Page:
JP Morgan seems to be listening to some of the serious discussions within the crypto community. Specifically, the issue of privacy. And while most wouldn’t associate the largest bank in the world with the idea of privacy they seem to be taking notes as to what matters most to the movement: privacy.
**before we go further let’s make one thing clear – we do. Or believe that JPM will actually build a token that finds itself outside of the reach of US and global regulators. So ‘privacy’ in this context is limited.
As per a CoinDesk post moments ago: “Revealed exclusively to CoinDesk, JPMorgan has built an extension to the Zether protocol, a fully decentralized, cryptographic protocol for confidential payments, compatible with ethereum and other smart contract platforms and designed to add a further layer of anonymity to transactions. The New York-based financial institution will open-source the extension Tuesday, and is likely to use it with Quorum, the bank’s homegrown, private version of ethereum.”
“Zether, which was built by a group of academics and financial technology researchers including Dan Boneh from Stanford University, uses zero-knowledge proofs (ZKPs), a branch of mathematics which allows one party to prove knowledge of some secret value or information without conveying any detail about that secret.”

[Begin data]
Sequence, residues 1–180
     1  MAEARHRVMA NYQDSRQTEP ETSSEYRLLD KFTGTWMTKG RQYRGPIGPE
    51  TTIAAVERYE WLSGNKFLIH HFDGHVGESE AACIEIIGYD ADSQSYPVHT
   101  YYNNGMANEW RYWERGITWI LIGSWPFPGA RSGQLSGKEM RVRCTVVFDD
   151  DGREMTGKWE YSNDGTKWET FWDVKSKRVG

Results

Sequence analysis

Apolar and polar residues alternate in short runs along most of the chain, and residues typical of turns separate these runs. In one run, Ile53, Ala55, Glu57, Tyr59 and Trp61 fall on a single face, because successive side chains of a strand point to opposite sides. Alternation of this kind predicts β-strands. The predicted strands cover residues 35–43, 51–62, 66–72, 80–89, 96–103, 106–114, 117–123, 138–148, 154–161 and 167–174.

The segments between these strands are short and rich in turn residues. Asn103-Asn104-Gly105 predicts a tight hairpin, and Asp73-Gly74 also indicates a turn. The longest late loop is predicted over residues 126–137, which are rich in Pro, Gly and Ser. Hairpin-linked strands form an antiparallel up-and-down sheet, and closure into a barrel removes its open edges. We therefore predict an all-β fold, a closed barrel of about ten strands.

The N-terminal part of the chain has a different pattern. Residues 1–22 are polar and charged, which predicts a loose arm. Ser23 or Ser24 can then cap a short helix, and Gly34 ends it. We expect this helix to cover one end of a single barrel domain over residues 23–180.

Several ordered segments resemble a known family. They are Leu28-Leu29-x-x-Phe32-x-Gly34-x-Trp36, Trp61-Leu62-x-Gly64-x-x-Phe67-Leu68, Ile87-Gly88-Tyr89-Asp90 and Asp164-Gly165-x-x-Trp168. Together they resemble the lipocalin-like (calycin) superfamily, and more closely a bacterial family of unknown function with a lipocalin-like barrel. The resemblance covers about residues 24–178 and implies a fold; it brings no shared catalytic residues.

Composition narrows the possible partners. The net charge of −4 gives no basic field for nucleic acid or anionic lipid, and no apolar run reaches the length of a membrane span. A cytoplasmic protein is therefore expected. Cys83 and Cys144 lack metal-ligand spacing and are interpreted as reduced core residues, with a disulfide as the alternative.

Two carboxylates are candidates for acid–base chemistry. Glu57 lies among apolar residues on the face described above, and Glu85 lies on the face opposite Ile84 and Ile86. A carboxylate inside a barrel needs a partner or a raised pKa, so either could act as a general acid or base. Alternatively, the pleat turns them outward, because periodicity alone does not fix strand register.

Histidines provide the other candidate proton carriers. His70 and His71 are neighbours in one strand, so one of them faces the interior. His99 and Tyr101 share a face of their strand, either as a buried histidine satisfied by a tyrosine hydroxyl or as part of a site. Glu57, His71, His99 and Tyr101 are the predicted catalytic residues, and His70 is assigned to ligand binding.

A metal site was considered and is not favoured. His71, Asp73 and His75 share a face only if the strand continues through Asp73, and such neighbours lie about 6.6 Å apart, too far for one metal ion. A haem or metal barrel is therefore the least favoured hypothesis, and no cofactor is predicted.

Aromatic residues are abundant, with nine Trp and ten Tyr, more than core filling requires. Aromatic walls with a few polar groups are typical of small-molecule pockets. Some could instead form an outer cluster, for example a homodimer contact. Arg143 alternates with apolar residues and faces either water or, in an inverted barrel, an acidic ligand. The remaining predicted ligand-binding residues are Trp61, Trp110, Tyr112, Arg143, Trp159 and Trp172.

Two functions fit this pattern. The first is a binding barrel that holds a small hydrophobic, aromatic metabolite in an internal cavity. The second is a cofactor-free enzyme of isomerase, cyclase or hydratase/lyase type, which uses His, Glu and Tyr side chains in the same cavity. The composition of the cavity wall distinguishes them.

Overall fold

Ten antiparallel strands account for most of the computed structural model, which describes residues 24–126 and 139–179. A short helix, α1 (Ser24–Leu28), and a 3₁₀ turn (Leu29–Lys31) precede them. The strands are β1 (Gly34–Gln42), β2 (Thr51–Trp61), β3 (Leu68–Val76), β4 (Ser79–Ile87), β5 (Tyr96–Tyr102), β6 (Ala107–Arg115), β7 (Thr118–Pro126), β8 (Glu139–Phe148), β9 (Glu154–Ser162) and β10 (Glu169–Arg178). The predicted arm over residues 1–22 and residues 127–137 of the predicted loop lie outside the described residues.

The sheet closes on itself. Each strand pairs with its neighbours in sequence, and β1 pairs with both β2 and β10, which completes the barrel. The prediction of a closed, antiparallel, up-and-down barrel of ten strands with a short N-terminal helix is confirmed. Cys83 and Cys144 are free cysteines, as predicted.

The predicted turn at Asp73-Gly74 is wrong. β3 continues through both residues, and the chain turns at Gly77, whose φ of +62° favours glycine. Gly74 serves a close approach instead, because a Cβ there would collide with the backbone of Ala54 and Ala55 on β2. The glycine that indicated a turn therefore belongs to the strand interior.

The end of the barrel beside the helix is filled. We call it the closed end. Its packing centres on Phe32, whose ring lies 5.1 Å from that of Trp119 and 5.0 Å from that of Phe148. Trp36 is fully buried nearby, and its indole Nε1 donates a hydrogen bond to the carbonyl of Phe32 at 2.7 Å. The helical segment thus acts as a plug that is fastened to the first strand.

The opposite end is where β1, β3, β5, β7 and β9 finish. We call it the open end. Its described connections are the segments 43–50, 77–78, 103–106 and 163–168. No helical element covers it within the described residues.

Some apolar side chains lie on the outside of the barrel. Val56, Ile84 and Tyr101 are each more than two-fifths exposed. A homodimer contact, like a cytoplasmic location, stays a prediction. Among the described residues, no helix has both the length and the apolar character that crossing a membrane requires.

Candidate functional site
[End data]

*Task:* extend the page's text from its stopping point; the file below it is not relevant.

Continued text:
So privacy, in this case, means the ability to conceal the transaction addresses and the amounts that are being sent and received. This is about as far as a heavily regulated organization like JP Morgan could ever get away with, and even this is probably pushing the limits.
Still, from 50,000 feet, this is an effort that pushes the crypto narrative along in earnest. JPM using crypto industry products to open source their entry into the space adds a significant level of validation – even if some in crypto aren’t interested in this type of validation.
It will be interesting to eventually see what JPM unveils and how it is used in both the institutional and retail space.